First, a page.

While we were all intrigued by Florida Panthers GM Dale Tallon’s idea to institute an NFL-like instant replay challenge system in the NHL, it appears that such a system isn’t as interesting to the other GMs around the National Hockey League. During the GM meetings in Toronto today, Tallon’s proposal was discussed and met with less-than positive feed back leading to the proposal being shelved for the time being.
Tallon called the idea “a dead issue” and hinted that he doesn’t plan to bring it up again any time soon.
“That’s the way it goes,” Tallon said. “You win some, you lose some.”
As you might expect, other general managers were a bit more forthcoming in discussing the idea after the meetings ended for the day. If you guessed that Maple Leafs GM Brian Burke would be one of the more outspoken guys, then you’ve been paying attention to his career in the NHL.
“Talking about a coaching challenge in response to one goal is like killing a house fly with a bazooka,” Burke said. “All of a sudden, we’re talking about a rule change because of one goal. Our group gets paid to not panic on rule changes and not overreact. This, to me, seems like an overreaction of the highest magnitude.
“We think we have the best officials in the world and we don’t need to handcuff them with needless replays.”
We can debate all day about the quality of officiating, but leave it to the heads of the NHL to immediately play down an idea that could, potentially, be useful in the future. After all, they did this with the headshot rule in the past when the NHLPA wanted action taken. The NHL beat the NHLPA to the punch last year approving a rule before getting the OK from the player’s union.
While the idea has been shelved for the time being, expect replay situations to get eyeballed a little closer now and to not have the topic totally closed off from discussion behind the scenes. We may just hear about it again in March when the GMs meet up next time.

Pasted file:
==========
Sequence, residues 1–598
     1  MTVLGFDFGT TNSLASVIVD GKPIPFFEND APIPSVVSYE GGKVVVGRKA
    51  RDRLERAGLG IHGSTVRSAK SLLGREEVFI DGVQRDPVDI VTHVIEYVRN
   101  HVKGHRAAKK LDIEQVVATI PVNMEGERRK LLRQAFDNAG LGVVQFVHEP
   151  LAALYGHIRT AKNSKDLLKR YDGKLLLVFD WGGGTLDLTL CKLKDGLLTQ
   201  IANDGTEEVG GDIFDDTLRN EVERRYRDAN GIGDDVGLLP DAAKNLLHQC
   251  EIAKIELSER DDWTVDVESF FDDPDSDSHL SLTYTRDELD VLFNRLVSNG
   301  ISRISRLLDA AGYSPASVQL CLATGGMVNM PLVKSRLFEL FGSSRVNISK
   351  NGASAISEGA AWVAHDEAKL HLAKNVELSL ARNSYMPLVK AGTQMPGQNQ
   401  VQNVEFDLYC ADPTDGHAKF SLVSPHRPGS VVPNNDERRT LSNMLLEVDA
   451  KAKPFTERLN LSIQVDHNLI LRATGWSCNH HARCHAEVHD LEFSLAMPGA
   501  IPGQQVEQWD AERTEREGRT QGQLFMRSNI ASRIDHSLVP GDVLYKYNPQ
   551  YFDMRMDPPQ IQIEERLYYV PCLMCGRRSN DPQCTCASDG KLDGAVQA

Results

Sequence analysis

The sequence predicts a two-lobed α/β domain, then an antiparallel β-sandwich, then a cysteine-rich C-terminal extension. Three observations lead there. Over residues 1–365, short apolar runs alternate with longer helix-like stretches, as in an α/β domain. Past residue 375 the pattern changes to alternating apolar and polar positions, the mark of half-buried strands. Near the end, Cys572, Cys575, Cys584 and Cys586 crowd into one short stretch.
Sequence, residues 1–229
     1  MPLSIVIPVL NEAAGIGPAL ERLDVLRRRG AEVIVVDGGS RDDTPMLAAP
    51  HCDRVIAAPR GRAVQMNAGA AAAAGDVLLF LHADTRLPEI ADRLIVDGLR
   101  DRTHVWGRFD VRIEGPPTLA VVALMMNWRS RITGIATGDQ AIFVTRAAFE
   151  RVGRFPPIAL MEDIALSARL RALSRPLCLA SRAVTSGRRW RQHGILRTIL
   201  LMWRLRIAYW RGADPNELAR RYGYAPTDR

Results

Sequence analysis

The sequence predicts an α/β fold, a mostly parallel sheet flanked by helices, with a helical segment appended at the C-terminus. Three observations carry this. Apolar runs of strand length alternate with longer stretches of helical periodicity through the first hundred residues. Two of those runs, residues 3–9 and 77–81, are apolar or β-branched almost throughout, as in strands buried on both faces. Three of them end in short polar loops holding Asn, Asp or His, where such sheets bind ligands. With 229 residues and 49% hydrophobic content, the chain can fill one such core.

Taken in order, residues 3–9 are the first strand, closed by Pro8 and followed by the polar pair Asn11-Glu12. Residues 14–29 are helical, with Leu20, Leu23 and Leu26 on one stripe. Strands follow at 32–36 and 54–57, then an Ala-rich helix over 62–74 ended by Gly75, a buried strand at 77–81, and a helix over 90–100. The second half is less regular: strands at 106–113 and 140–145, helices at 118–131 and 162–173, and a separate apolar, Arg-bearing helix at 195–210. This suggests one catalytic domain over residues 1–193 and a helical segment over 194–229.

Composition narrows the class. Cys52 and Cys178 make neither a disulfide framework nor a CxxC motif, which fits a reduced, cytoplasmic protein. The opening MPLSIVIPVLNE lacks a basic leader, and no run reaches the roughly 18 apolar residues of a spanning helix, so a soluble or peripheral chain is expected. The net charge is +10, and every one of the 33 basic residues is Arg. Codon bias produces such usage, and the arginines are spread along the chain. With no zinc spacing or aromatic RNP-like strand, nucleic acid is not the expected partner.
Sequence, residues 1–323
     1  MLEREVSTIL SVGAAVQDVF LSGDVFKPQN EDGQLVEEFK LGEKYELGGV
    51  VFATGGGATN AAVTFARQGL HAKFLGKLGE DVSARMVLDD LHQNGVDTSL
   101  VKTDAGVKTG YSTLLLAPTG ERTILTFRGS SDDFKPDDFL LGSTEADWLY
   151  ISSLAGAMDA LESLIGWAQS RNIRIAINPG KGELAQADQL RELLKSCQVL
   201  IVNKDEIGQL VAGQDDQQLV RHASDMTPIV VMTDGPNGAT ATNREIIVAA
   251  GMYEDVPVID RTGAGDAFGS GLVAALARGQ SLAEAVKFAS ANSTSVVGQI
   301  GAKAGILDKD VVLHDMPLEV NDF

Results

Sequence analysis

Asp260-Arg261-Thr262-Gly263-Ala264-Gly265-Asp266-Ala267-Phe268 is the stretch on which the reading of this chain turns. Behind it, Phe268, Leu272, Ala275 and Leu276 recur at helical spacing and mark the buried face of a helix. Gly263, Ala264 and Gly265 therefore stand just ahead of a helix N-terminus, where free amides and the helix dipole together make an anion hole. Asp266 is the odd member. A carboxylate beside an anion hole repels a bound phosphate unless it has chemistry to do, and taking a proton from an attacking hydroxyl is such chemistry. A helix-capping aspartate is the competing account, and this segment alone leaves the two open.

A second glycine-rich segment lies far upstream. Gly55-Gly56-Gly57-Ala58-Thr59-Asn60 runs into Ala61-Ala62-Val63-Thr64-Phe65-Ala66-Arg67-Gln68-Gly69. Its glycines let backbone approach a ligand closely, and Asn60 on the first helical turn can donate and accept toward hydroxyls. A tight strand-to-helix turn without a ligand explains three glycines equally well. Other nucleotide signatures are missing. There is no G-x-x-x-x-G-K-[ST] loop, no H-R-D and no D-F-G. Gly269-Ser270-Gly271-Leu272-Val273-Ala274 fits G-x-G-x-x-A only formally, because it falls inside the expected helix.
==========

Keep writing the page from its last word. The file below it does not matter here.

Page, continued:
Yesterday we told you about Panthers GM Dale Tallon’s big ideas to implement an instant replay challenge system in the NHL and it’s getting some talk thanks to some recently iffy situations where replay wasn’t allowed. It’s also coming up because NHL general managers are set to meet up next week to discuss the hot-button issues going on right now in the league and replay is near the top of the list. Also getting looked at will be how the new blindside hit rule is being implemented as well.
TSN’s Darren Dreger breaks down what else they’ll be talking about on Tuesday.
Also expected to be a key agenda item: supplemental discipline, the process, the gamesmanship some GMs use to defend their player or encourage discipline against opposing players.
Confrontation in pre-game warmups is an issue that NHL Senior VP and Director of Hockey Operations Colin Campbell loathes, and this topic will once again be tabled for discussion as the league considers options of how to better police the matter.
Currently, the NHL doesn’t have a game-by-game pre-game monitoring system, whereby either the assigned on-ice or off-ice officials strictly watch warm-up.
Having a referee on the ice during warm-ups never hurts, really, but if they’re going to try to put an end to just smack talking in warm-ups that’s a huge buzzkill. Save that kind of fun-killing nonsense for the NFL or college football. As long as you don’t have a 20-on-20 on-ice brawl in warm-ups like a scene out of “Slap Shot,” I think the NHL is doing just fine letting the yappers do their yapping before the game starts. It’s not as if they’re inciting a riot and as much as the NHL would like to pretend it doesn’t happen, talking crap at each other is definitely part of the game.
As for addressing the headshot and blindside hit rules, you have to expect that hits like Shane Doan’s big hit on Dan Sexton, Joe Thornton’s out of the penalty box hit on David Perron, and Dan Carcillo’s elbow-leading hit on Ruslan Fedotenko are going to get a lot of video play to discuss how well (or not) the new rule is working. It’s too early to tell what kind of effect the rule has, but checking in on progress is for the best.